Don’t worry if they don’t! There was a lot of discussion about the ‘floats’ of yarn across the slipped stitches in this pattern. All of the floats should be on the same side, the right side (RS) of your work, but don’t worry if they’re not! As long as you made the floats the same way consistently across the block and you are pleased with the results – who cares if it differs from the pattern? Many people also mentioned they prefer the ‘wrong side’ to the ‘right side’ of the pattern. Again, as long as you like the way it looks, why not flip the right and wrong sides? Sometimes we get too concerned with doing things ‘right’ and forget we’re supposed to be having fun with our knitting. Don’t forget you’re the boss of your yarn!
On that note, let’s show clue #5 who’s boss!
CLICK HERE TO DOWNLOAD THE PDF FILE OF CLUE #5
Don’t forget to check the the resources section above if you’re unsure how to work a stitch!
For clue #5 we’re shaking things up a bit and delving into lace knitting. While knitted lace can look very complex, the basic technique to create these fancy stitches is quite simple. Do you know how to work a yo (yarn-over)? Do you know how to ssk (slip, slip, knit), and k2tog (knit two together)? If the answer is yes, you’re totally qualified to knit some lace!
Lace knitting patterns are usually created by pairing yo increases (which create intentional holes in your work), with the same number of decreases. This buddy system of increases and decreases maintains your stitch count across a row. It’s totally simple! That said, like any kind of knitting, there’s always room for error. Here are a few tips to help your lace fly off the needles hassle free!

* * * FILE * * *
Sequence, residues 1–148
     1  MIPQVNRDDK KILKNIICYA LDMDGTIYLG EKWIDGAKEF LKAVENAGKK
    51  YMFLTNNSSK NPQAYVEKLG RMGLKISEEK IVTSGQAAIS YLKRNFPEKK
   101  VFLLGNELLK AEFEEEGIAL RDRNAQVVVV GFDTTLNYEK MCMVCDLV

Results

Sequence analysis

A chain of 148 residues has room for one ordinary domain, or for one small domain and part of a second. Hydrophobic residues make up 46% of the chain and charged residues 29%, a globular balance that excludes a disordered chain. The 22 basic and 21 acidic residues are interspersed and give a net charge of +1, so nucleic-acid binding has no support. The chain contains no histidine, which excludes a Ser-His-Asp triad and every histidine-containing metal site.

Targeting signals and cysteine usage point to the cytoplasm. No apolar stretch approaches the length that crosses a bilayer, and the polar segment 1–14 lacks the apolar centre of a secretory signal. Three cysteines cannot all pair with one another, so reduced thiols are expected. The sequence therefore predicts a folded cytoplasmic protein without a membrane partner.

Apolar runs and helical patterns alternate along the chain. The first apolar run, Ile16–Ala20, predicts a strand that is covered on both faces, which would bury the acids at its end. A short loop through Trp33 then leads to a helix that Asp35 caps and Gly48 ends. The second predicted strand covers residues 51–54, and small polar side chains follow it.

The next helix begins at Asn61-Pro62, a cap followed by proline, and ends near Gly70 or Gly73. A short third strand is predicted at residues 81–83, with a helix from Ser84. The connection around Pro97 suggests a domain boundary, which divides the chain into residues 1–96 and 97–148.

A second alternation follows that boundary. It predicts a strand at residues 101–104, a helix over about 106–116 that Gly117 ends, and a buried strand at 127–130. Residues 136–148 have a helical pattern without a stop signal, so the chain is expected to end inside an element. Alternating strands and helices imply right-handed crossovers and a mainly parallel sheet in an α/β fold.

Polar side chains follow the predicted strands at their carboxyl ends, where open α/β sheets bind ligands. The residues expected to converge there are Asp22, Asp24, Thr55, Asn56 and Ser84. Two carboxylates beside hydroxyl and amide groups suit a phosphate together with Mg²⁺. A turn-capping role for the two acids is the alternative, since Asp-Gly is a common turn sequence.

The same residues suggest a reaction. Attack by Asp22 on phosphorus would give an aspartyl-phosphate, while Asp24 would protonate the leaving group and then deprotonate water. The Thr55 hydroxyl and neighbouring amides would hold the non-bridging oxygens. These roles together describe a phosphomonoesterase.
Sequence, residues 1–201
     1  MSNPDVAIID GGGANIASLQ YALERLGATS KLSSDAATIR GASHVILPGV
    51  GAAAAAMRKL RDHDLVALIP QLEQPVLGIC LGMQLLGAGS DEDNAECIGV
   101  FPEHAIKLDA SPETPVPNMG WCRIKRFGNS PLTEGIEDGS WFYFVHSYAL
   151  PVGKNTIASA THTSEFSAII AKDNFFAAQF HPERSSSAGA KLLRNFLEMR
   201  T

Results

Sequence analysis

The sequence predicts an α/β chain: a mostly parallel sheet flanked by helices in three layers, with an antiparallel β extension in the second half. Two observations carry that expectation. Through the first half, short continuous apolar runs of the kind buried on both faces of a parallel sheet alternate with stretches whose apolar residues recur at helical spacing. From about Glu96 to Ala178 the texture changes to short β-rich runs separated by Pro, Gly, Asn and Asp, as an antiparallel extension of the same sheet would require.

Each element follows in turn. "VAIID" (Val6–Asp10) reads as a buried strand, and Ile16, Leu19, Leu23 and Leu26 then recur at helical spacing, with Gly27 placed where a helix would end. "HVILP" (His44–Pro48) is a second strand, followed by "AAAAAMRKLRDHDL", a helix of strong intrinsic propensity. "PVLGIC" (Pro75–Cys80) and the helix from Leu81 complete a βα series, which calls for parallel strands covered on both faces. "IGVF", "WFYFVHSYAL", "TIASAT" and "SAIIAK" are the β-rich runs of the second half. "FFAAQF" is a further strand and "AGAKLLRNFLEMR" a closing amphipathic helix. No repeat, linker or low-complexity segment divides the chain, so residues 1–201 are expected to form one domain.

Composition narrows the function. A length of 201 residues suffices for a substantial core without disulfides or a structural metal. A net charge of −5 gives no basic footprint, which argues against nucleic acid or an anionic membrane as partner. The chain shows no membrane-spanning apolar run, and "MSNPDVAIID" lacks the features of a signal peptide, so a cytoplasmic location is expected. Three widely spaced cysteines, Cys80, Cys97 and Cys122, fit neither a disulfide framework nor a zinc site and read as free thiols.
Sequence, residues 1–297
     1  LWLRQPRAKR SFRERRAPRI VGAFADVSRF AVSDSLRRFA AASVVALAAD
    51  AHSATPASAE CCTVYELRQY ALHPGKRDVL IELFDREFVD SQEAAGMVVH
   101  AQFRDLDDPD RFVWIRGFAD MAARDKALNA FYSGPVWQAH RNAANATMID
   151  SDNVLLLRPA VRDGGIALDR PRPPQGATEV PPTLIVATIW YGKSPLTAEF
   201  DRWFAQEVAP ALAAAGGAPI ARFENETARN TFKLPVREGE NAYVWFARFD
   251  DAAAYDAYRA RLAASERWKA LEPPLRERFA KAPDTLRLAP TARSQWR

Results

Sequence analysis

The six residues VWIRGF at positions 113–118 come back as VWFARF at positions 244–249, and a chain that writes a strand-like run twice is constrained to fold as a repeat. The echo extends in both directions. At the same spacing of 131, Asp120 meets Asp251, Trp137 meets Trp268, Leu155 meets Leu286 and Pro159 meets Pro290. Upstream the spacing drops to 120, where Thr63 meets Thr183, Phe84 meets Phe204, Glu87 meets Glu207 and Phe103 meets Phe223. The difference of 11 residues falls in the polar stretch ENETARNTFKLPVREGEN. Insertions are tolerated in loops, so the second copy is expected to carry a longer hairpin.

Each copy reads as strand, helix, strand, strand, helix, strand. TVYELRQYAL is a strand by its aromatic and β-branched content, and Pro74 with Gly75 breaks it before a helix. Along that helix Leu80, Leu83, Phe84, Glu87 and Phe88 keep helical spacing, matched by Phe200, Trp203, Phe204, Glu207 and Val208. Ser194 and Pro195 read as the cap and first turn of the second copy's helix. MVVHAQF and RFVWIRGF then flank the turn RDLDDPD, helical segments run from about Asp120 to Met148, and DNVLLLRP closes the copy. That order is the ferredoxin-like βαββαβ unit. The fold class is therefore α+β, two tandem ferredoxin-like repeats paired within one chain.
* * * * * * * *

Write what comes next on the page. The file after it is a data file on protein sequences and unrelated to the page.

LACE KNITTING TIPS
- Mark it. If your lace pattern involves a repeated section, try placing stitch markers in between the repeats. It’s easy to forget a yo or k2tog and you’ll catch your error quicker if you can easily count your stitches.
- Counting counts. Accidentally adding or subtracting a stitch in plain stocking st can be easy to hide. While knitting a lace pattern, being one stitch off on any given row can throw off the look of the whole pattern. It might take a little extra time, but counting your stitches every few rows can save the even bigger headache of having to rip back!
- Throw me a lifeline! Ripping out a row of lace knitting can be a little trickier than simple stitch patterns like garter or stocking st. Try threading a length of smooth, contrasting yarn across across a row. If you need to rip back, you can pull out your needle and rip back to this “lifeline” thread knowing you won’t be missing any stitches. This is especially helpful if knitting very complex patterns with large stitch counts like in traditional lace shawls.
- Lost in translation. Sometimes pattern terminology just doesn’t work for us. Maybe the term ‘yarn over’ just doesn’t make sense to you and you want to call it a ‘loop-dee-loop’. Try re-writing the pattern your way if it makes it easier for you.
- Shh! Mommy’s knitting lace! Lace takes a certain amount of concentration. When you sit down to knit something lacy, try to cut out the distractions like television and those pesky family members! You can always have another, less mindful project on the go for your TV knitting, right?
- Hello charts! If you prefer written instructions to charted, try giving those charts another chance. Charts are especially helpful for lace knitting. Lace charts allow you to see how your yarn-over (yo) holes are arranged to create your a design.
- Master the chart. If the charted knitting instructions have won you over, it’s handy to make a photocopy of your chart to work from. With a copy you can enlarge it, color it or mark it up any way you like without fear of ruining your pattern. Lucky for us, these downloadable pdf patterns can be printed as many times as you like!
Have a lace knitting tip of your own? Share it with us in the comments! Clue #6 will be posted Wednesday, December 30th.